Journal of Somali studies (JoSS) Volume 9, Number 3, December 2022
About This Edition
Table of Contents :
Democratization in the Ethiopian State from 2018–2021: A Mirage or Miracle? Solomon Molla Ademe and Mohammed Seid Ali 5
Since the end of the 20th century, democratization has been the mantra of many states or regimes around the world. Some regimes or states may attempt a good start to the democratization process. However, various challenges may hamper the democratization process of such regimes. This study uses the post-2018 Ethiopian leadership’s democratization attempt as a litmus test to explore such experiences of regimes. Thus, the main objective of this paper is to unpack the challenges of the post-2018 democratization process in Ethiopia. This study has been explored with a qualitative research approach. According to the findings of this study, the TPLF’s ethnicization of political changes, the proliferation of ethnic extremists, the weak matrimony of the operative and normative functions of the Prosperity Party (PP), and the PP’s failure to operate the double standard function are the tough challenges that forced the democratization process in Ethiopia to remain in the realm of mirages rather than in the domain of its miraculous beginnings. These challenges have undermined the PP regime’s attempt to democratize the Ethiopian state in post-2018. Therefore, as these challenges are mainly related to the political elites’ aspirational contradictions, Ethiopian political elites should come to a consensus to democratize the Ethiopian state.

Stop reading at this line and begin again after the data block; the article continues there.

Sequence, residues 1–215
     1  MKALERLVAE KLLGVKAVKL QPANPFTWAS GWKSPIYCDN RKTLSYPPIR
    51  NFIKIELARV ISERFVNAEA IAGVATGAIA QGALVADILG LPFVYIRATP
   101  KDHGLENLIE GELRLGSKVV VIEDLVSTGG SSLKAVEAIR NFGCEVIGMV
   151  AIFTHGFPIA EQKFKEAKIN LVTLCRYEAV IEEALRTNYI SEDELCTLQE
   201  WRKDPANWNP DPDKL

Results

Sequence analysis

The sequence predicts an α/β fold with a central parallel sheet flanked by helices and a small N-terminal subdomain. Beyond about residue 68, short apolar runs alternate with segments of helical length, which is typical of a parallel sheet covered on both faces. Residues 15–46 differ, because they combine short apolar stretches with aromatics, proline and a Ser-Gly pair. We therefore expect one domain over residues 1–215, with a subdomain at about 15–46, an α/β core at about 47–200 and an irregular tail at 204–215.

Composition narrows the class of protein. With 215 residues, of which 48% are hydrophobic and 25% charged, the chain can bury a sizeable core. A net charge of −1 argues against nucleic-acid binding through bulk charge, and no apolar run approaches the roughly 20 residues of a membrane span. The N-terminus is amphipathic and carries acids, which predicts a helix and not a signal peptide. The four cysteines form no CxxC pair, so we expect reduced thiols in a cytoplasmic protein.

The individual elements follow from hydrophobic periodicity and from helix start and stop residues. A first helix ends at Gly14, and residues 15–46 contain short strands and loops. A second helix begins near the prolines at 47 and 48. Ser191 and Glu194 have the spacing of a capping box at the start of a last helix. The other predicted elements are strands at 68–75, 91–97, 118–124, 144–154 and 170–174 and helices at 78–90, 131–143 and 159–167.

Managing City Street Parking through Public Private Partnership Projects in the Horn of Africa: A Case Study of Multiplex Limited in Kampala City, Uganda Innocent Nuwagaba, Costa Hofisi, Alfred Ochora, Lukamba Muhiya Tshombe, Roland Muhwezi, Thekiso Molokwane & Alex Nduhura 27